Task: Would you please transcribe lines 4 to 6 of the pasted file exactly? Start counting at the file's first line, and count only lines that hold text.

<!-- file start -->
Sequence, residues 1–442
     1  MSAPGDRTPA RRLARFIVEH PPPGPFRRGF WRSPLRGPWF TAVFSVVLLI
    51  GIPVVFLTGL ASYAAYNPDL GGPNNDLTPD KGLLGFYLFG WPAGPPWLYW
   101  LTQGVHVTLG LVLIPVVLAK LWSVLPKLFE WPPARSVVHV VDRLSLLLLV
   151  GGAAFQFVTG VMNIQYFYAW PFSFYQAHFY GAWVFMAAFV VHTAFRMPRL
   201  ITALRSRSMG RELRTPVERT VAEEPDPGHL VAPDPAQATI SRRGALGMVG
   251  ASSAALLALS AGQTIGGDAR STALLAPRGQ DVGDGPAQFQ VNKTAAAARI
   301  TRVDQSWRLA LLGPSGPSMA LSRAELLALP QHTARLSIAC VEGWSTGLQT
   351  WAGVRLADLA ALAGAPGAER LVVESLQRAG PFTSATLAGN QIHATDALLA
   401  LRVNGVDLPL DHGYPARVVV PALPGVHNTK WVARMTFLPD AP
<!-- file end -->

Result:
   101  LTQGVHVTLG LVLIPVVLAK LWSVLPKLFE WPPARSVVHV VDRLSLLLLV
   151  GGAAFQFVTG VMNIQYFYAW PFSFYQAHFY GAWVFMAAFV VHTAFRMPRL
   201  ITALRSRSMG RELRTPVERT VAEEPDPGHL VAPDPAQATI SRRGALGMVG